Mammalian sperm must gradually move in a certain period of time to fertilize the oocyte (Mortimer, 1990). As the ejaculated spermatozoa demand substantial amounts of energy to facilitate in vivo transport through the female reproductive tract and for both in vitro and in vivo penetration of the oocyte zona pellucida (Mortimer, 1990; Mukai and Okuno, 2004), it is important to note that sperm motility depends primarily on the availability of intracellular ATP. Depletion of ATP during capacitation is attributed to the loss of ATP required to maintain sperm motility and activate cAMP (Wishart and Palmer, 1986). It has been suggested that the energy required to regulate sperm motility is provided by ATP, and ATP is primarily produced by mitochondrial respiration. Therefore, if mitochondrial respiration cannot synthesize ATP, it may reduce sperm motility. Mitochondria play a central role in energy metabolism and regulate sperm motility, AR, and sperm oocyte fusion (Mukai and Okuno, 2004). Our results demonstrated that the intracellular ATP levels of samples collected from G and A research centers were significantly higher than those of samples collected from other research centers (p < 0.05; Fig. 6).

Sperm viability is the key factor for determining semen quality; low sperm viability can directly affect male fertility (Tsujii et al., 2002; Kaur and Bansal 2004). In our study, the cell viability of samples collected from G and A research centers was significantly higher than that of samples collected from other research centers. However, the cell viability of samples collected from E, B, and F research centers was significantly lower than that of samples collected from other research centers (p < 0.05; Fig. 8).

The deviations of sperm motility (%) and motion kinematics were high according to the semen sample. In addition, differences in various sperm parameters were observed between most of the research centers. It may be judged methods for cryopreservation of Korea native brindled cattle are different in each research center because a Supplementary Table standard protocol for cryopreservation of Korea native brindled cattle does not exist. Therefore, we suggest that it is necessary to develop a standard method for the cryopreservation of Korean native brindled cattle semen. We also suggest that it is important to evaluate the sperm quality of the cryopreserved semen of Korean native brindled cattle before performing AI to attain a high fertility rate. Furthermore, these findings may provide a useful model for the development of semen cryopreservation strategies in other endangered species.

This study was conducted with the support of the 2020 Gyeongsangbuk-do agricultural and fishery R&D activation project.

No potential conflict of interest relevant to this article was reported.

Conceptualization: Lei Ma, Dae-Jin Jung, Jae Jung Ha, Woo-Sung Kwon

Data curation: Jae Jung Ha, Woo-Sung Kwon

Formal analysis: Lei Ma, Dae-Jin Jung,Eun-Ju Jung, Woo-Jin Lee, Ju-Mi Hwang, Jeong-Won Bae, Dae-Hyun Kim, Jun Koo Yi, Sang Moo Lee, Jae Jung Ha, Woo-Sung Kwon

Funding acquisition: Jae Jung Ha, Woo-Sung Kwon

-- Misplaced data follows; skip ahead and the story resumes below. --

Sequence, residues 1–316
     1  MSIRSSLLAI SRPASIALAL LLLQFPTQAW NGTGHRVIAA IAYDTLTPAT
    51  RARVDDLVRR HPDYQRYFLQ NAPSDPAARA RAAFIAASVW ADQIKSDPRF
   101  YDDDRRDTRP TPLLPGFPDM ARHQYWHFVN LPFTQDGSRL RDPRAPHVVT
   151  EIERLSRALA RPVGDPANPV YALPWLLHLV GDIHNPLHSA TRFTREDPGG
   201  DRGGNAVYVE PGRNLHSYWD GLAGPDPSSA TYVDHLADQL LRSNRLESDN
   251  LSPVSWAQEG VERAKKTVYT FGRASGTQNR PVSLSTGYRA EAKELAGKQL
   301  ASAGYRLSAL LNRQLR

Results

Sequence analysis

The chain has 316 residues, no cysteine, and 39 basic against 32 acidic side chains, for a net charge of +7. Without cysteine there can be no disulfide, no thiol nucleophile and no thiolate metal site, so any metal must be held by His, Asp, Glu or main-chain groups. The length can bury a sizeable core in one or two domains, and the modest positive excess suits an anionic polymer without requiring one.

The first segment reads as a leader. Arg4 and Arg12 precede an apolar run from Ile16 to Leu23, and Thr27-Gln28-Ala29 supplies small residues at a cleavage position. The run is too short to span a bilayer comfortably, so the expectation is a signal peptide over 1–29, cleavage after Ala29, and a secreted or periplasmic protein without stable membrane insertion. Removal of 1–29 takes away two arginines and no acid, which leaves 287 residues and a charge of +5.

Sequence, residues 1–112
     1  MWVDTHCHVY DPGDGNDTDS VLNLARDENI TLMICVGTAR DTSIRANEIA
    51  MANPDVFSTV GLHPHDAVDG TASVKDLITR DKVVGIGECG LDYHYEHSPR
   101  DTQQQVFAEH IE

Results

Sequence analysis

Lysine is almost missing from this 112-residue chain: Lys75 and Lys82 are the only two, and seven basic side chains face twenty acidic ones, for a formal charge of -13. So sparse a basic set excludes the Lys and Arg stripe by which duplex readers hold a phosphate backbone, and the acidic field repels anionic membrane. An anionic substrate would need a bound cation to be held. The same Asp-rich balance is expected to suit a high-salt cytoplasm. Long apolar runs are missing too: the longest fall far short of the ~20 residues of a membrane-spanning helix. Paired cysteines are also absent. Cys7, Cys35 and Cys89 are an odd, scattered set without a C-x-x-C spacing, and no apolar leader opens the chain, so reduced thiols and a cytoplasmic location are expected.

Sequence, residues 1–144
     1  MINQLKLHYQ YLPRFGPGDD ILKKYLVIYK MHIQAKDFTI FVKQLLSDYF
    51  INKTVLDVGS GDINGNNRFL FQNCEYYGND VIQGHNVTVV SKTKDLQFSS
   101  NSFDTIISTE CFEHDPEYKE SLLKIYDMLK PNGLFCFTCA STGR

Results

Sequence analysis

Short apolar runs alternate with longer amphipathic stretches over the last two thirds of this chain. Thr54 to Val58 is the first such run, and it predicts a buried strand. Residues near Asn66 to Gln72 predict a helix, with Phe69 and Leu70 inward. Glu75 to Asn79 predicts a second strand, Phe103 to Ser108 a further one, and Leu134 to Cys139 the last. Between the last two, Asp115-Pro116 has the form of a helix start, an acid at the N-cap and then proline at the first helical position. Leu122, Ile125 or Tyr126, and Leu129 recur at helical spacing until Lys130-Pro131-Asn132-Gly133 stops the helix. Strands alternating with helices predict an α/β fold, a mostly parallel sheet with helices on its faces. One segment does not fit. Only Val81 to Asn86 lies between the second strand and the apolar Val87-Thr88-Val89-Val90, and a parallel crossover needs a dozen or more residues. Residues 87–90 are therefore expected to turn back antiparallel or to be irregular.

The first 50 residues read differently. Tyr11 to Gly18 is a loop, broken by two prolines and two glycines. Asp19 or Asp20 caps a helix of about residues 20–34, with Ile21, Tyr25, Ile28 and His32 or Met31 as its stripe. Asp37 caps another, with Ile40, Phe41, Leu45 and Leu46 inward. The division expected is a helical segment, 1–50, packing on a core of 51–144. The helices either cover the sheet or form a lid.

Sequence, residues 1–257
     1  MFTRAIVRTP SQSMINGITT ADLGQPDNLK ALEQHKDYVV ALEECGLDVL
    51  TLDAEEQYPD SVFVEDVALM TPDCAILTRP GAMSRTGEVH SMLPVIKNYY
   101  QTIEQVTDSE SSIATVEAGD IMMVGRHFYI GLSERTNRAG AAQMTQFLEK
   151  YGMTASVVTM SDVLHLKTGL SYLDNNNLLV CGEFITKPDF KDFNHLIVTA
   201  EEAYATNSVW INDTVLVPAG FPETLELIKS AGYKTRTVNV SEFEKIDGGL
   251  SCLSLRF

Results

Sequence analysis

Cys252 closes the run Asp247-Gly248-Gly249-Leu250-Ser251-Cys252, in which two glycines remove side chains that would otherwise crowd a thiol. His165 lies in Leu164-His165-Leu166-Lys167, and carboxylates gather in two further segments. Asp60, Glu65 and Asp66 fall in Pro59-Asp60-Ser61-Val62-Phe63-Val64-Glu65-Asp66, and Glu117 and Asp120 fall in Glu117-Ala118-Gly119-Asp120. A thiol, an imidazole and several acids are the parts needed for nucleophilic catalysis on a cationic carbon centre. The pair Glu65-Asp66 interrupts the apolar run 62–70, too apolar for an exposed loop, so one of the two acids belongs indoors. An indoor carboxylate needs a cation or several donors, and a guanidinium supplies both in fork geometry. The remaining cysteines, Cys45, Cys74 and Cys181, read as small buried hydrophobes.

Investigation: Lei Ma, Dae-Jin Jung,Eun-Ju Jung, Woo-Jin Lee, Ju-Mi Hwang, Jeong-Won Bae, Dae-Hyun Kim, Jun Koo Yi, Sang Moo Lee

Methodology: Lei Ma, Dae-Jin Jung, Jae Jung Ha, Woo-Sung Kwon

Project administration

Resources: Gyeongbuk Provincial Government

Software: Jae Jung Ha, Woo-Sung Kwon

Supervision: Jae Jung Ha, Woo-Sung Kwon

Validation: Jae Jung Ha, Woo-Sung Kwon

Visualization: Jae Jung Ha, Woo-Sung Kwon

Writing - original draft: Lei Ma, Dae-Jin Jung, Jae Jung Ha, Woo-Sung Kwon

Writing - review & editing: Jae Jung Ha, Woo-Sung Kwon

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Article

Original Article

Journal of Animal Reproduction and Biotechnology 2021; 36(2): 106-115

Published online June 30, 2021 https://doi.org/10.12750/JARB.36.2.106

Copyright © The Korean Society of Animal Reproduction and Biotechnology.

Assessment of cryopreserved sperm functions of Korean native brindled cattle (Chikso) from different region research centers of Korea

Lei Ma1,# , Dae-Jin Jung2,# , Eun-Ju Jung3 , Woo-Jin Lee1 , Ju-Mi Hwang1 , Jeong-Won Bae1 , Dae-Hyun Kim2 , Jun Koo Yi2 , Sang Moo Lee1 , Jae Jung Ha2,* and Woo-Sung Kwon1,3,*

1Department of Animal Science and Biotechnology, Kyungpook National University, Sangju 37224, Korea
2Gyeongbuk Livestock Research Institute, Yeongju 36052, Korea
3Department of Animal Biotechnology, Kyungpook National University, Sangju 37224, Korea

Correspondence to:Woo-Sung Kwon
E-mail: wskwon@knu.ac.kr
ORCID https://orcid.org/0000-0002-0848-7189
Jae Jung Ha
E-mail: hjjggo@korea.kr
ORCID https://orcid.org/0000-0001-6785-6346
#Lei Ma and Dae-Jin Jung contributed equally to this work.

Received: April 29, 2021; Revised: June 17, 2021; Accepted: June 23, 2021

This is an open-access article distributed under the terms of the Creative Commons Attribution Non-Commercial License (http://creativecommons.org/licenses/by-nc/4.0/), which permits unrestricted non-commercial use, distribution, and reproduction in any medium, provided the original work is properly cited.

Abstract